March 24, 2020 -- A combination of quarantine, school closures, and work-from-home measures is the most effective way to prevent the spread of COVID-19, according to a new study in The Lancet Infectious Diseases.
Cities and states across the U.S. are using each of those approaches, but they vary. By Wednesday morning, 17 states will be under “stay-at-home” orders, which address all three: The orders call for all nonessential businesses to shut down, all schools to close, and all residents to stay at home as much as possible. An additional seven states have restrictions that don’t require every element. Some states have few restrictions of any kind.
“We have a patchwork of responses as opposed to a national response,” says Carlos Del Rio, MD, a professor of infectious diseases at Emory University. “We really need a coordinated national response.”
Too Soon to Lift Restrictions?
Even without nationwide stay-at-home orders, as the number of COVID-19 cases here continues to grow, President Trump on Tuesday called for lifting restrictions by Easter, less than 3 weeks away.
“I gave it 2 weeks,” he said during a Fox News town hall. “We can socially distance ourselves and go to work.”
Public health experts say it’s not that simple.
“Easter is April 12th. If the President would like to do this, I suggest he calls for a national shelter at home until then,” says Del Rio. “That will give us 18 days to scale up testing and do the things that are needed to flatten the curve and prevent thousands of unnecessary deaths.”
Howard Forman, MD, a professor at Yale University School of Public Health, also advises against simply lifting restrictions. “We need to have far more widespread testing, to gain a better understanding of where regional hot spots are today and where they’ll be in one, two, three weeks,” he says. “Based on what we know today, it’s impossible to imagine that we could be easing up on restrictions anywhere on April 12, without putting millions of people at risk.”
This new study, the first to look at how well distancing works, also suggests lifting restrictions would be a mistake. Done by researchers at the National University of Singapore, the study created a virtual replica of Singapore’s population and applied an epidemic simulation nationwide.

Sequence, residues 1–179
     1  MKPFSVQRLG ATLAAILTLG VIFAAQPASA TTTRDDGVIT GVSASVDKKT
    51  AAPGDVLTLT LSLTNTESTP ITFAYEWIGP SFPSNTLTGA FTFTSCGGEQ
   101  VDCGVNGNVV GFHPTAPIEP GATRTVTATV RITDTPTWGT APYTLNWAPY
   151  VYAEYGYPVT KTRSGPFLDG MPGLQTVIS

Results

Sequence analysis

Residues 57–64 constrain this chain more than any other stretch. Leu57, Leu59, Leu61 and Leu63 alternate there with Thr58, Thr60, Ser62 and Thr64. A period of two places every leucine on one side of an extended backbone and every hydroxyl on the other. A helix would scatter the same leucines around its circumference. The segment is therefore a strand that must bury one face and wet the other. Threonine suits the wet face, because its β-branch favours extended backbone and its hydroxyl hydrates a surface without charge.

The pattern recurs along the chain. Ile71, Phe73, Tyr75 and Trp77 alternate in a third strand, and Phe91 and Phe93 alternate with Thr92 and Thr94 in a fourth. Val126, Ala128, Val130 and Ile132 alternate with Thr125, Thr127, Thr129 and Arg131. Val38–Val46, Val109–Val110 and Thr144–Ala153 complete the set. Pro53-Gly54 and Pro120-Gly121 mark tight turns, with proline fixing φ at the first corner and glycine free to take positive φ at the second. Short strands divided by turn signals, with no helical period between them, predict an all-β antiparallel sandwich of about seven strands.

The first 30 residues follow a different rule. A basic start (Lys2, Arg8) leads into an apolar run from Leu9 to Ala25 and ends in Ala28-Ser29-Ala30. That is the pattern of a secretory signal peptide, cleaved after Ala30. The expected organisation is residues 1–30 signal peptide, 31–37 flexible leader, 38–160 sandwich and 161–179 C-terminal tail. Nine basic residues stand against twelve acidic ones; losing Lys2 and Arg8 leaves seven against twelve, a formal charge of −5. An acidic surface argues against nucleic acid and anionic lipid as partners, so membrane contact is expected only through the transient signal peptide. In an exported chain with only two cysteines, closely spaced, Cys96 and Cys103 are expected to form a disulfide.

Evidence That Distancing Works
Researchers tested three intervention scenarios: isolation of infected people with family quarantine; quarantine plus school closings; and quarantine plus workplace closures, with 50% of the workforce staying home. They also tested a combination of all three. They compared the results to a simulation with no intervention at all, and repeated the models using low, moderate, and high rates of transmission.
After 80 days, the simulation found that without intervention, Singapore could expect to have anywhere from 279,000 to well over 1,000,000 infections, depending on the transmission rate. Combining restrictions lowered that number by 99% at the lowest transmission rate, 93% at the moderate rate, and 78% at the highest rate. Quarantine plus workplace distancing was the next best option, followed by quarantine plus school closure. Quarantine alone was the least effective method.
The study authors note limits to their modeling. There are still unknowns about how the virus is transmitted and spread, they say. And how people connect with each other can vary in different populations.
At this point in the U.S., the effects of various levels of restrictions can’t be seen. “Any place that thinks they’ve flattened the curve is probably not testing enough,” says Forman. “We would expect to see some effect from the aggressive actions (in New York state, for instance) approximately 14-21 days after the policy took effect. This means we shouldn’t expect much for another week in most of the earliest-acting regions.”
Talk of easing restrictions is premature, says Del Rio. “We need to go into a national ‘shelter at home’ for 30 days. As I tell people, ‘Erase April from our calendars, and we will find the exit from this crisis.’”